Dec. 14, 2017, marks the two-year anniversary of the initial declaration of a State of Emergency by the city of Flint, Mich. after a water...
Tennessee SBR process has been providing high-quality water treatment for 30 years
In the late 1970s, the old Tullahoma, Tenn., wastewater treatment plant (WWTP), built in 1955, was overloaded and deteriorating. The City of Tullahoma and its consultants—Barge, Waggoner, Summer and Cannon—began an extensive evaluation of different treatment options for the new plant, including an oxidation ditch, in-channel clarifiers and the Sanitaire Intermittent Cycle Extended Aeration System (ICEAS) for a sequencing batch reactor (SBR) process.
After a trip to Australia to evaluate five existing ICEAS installations, the City of Tullahoma selected ICEAS because it was the most cost-effective wastewater treatment option and because of the technology’s ability to accommodate widely fluctuating infiltration loads without effluent degradation.
Developed in Australia in 1975, the Sanitaire ICEAS process is a continuous-flow hybrid of the conventional fill-and-draw SBR process. Unlike conventional SBR systems, which discontinue flow during the settle-and-decant phase, the ICEAS basin continually receives raw wastewater throughout all phases of the treatment cycle. Short-circuiting during the decant period is prevented by using a baffled, pre-react wall. The continuous-flow feature of the ICEAS process typically results in a basin volume 25 to 30% smaller than that required by a conventional SBR.
The ICEAS process accomplishes the tasks of biological oxidation, nitrification, denitrification, phosphorous release and uptake and solid/liquid separation in a single basin. The time-based operation of the ICEAS cycle is controlled automatically through a microprocessor. A typical cycle consists of three basic phases: aeration, settling and decant. In certain applications, intermittent periods of aeration and anoxic mixing are combined to promote biological nutrient removal.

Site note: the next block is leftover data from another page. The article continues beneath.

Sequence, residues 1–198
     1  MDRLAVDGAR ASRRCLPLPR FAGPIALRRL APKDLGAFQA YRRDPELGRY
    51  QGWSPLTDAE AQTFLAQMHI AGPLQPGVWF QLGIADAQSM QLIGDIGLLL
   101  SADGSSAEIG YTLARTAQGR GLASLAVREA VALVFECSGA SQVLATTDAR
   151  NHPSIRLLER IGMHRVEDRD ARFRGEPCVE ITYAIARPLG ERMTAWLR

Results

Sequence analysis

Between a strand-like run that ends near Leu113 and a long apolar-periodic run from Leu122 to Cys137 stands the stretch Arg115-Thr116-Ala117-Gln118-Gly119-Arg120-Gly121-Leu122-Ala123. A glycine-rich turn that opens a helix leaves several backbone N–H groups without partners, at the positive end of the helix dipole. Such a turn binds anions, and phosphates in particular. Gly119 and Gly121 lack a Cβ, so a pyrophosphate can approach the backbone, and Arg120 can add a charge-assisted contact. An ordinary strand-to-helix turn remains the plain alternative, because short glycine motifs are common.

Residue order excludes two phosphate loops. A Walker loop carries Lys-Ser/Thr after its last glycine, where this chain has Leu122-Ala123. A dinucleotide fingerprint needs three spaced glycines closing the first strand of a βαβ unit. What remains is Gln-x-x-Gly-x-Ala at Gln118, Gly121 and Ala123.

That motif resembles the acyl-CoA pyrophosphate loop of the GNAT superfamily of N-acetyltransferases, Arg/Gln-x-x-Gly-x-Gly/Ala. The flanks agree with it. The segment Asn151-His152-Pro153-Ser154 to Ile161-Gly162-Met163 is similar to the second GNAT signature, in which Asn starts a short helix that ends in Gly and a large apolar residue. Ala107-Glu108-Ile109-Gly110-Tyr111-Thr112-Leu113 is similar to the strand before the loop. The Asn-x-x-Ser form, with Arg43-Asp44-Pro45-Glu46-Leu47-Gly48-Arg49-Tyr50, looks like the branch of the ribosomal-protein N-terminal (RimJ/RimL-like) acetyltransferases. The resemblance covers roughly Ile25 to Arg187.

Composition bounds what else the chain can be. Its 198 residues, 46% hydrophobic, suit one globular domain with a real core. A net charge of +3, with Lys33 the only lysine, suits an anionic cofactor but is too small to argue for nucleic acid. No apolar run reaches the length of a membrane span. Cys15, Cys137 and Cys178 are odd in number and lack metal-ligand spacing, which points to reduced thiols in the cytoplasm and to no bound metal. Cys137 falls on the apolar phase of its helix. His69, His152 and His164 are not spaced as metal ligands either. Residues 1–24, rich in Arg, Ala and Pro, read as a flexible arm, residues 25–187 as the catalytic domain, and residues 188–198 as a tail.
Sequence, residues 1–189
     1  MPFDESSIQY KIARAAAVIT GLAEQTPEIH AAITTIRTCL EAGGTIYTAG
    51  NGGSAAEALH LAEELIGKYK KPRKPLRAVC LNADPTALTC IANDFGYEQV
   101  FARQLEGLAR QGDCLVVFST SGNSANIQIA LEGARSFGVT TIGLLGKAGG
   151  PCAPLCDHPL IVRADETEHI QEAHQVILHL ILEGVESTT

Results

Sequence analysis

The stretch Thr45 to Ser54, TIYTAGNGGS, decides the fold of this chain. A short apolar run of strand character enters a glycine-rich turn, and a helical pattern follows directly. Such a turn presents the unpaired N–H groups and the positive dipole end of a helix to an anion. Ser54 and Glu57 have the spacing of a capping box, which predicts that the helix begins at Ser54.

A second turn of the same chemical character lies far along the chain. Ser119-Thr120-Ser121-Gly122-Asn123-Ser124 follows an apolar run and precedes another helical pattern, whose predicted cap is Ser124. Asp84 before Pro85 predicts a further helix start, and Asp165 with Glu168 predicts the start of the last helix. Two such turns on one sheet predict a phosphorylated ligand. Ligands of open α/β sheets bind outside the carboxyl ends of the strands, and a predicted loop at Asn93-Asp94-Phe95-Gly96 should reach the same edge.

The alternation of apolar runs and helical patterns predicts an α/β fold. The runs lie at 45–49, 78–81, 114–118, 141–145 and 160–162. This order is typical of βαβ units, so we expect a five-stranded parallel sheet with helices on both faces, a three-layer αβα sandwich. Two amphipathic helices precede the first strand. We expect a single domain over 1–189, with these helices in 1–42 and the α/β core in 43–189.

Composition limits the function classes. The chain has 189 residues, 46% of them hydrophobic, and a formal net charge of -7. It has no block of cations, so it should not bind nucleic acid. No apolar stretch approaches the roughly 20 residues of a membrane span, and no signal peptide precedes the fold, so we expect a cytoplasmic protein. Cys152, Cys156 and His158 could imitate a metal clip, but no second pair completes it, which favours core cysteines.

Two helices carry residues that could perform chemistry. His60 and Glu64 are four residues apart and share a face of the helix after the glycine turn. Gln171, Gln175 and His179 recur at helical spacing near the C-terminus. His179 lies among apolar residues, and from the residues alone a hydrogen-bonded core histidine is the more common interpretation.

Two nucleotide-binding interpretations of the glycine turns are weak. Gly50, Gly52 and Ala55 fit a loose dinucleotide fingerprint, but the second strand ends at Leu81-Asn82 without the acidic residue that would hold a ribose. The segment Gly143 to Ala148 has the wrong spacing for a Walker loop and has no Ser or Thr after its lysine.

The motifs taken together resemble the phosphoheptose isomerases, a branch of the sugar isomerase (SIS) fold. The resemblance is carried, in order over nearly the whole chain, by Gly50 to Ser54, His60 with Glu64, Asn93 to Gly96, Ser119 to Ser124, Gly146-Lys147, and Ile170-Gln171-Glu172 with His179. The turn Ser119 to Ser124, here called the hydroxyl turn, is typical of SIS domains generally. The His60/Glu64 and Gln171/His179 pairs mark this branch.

Though conceptually sophisticated, the ICEAS process is simple and elegant in operation. The ICEAS system uses a minimum of moving parts and powered components, since all flow from the ICEAS basin occurs by gravity. In addition, the entire stainless steel decanter requires no valves. During the decant period of the ICEAS cycle, the top layer of clarified water is discharged through a simple controlled weir-type decanter. A pivoting scum float prevents any scum or floatables from being decanted with the treated water.
From 1993 to 1995, the Tullahoma plant was expanded and upgraded to accommodate high storm flows. The upgrade included additional piping and a new SCADA system; larger head works, including a new bar screen and grit chamber; two 30-mgd screw pumps and a new pre-aeration basin; a new 48-million-gal equalization basin; and an upgrade of the chlorine disinfection system. Under the new configuration, flows up to 15 mgd are received directly by the ICEAS basin. Flows in excess of 15 mgd are diverted to the equalization basin.
The 1993 plant upgrade also involved the retrofit of the original jet aeration system with a high-efficiency Sanitaire fine-bubble membrane grid aeration system.
Despite a severe inflow-and-infiltration problem and a higher-than-anticipated biological oxygen demand (BOD) load, the new plant met effluent BOD and total suspended solids (TSS) criteria within 20 days of its startup in 1985.
Today, the Tullahoma WWTP—the first in the United States to use the ICEAS process—continues to perform exceptionally well and has never exceeded permit requirements, even while operating up to 30% higher than its design flow capacity.
The plant consistently produces an ultra-high-quality effluent with single-digit effluent BOD5 and TSS concentrations and effluent NH3-N concentration less than 1 mg/L.
The elimination of the jet pumps reduced maintenance costs and saved over 3,000 kWh/day in energy use.